WRT 8 | Friendship


As everybody else at work. We all got them. It just takes 1 or 2 to make things spicy.

As I said, I wanted to be there for you. I wanted to let you know that. I believe everybody had a role to play in the process of you getting through this. I was the working person. I was that buddy. You had a buddy for when you got home and a buddy for church. Everybody had a role and we all came together. I knew what my role was. I was to be there for you at work. When you left and I handed you off to whoever the next buddy was, and then the next day we started the process over again. I never got tired of it. I still don’t get tired of it as we still talk about stuff. When you got a good friend, you never get tired.

That is important. If I didn’t open up and share or was locked down and closed off, what role do you think you would’ve taken at that point in time? Knowing from your own experience with grief, how do you think you may have approached that differently?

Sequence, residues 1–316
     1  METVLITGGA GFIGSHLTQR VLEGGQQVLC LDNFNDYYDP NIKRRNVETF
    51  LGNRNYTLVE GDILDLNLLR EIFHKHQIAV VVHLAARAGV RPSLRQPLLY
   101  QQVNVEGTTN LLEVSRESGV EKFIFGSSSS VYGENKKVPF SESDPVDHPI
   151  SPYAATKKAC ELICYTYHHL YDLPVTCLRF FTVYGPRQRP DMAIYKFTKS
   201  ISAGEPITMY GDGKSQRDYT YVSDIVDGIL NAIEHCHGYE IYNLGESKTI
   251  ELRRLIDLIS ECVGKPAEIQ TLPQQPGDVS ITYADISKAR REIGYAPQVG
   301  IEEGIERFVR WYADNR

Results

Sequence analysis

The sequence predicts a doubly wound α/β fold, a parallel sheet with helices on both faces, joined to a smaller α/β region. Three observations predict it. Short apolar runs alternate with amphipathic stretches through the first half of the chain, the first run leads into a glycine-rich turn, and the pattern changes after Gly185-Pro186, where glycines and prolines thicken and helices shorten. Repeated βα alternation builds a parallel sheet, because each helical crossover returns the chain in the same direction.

I learned that it’s all right to be vulnerable. I’ll be honest. My whole life I’ve been pretty guarded. I didn’t trust a lot of people. It stemmed from my childhood because my parents never allowed me to have friends that could come over and hang out. I’ve been a loner pretty much all my life, even though I was in the military. Again, this is part of my evolving after leaving the military, learning who Liz is, how to listen, not be the one that’s always barking the order and it’s all right to share.

I learned a lot too. I would tell you all the time that I’m learning so much from our conversations. The most thing that I got out of all of this is that you would tell me what love looked like. I don’t believe I’ve ever had a man love me for me. Listening to your relationship with Mark, I said, “Lord, I’ve had none of this.” That’s my heart’s desire is to be loved and cherished, and you had that. I thought it was great because it’s possible if you get the right person.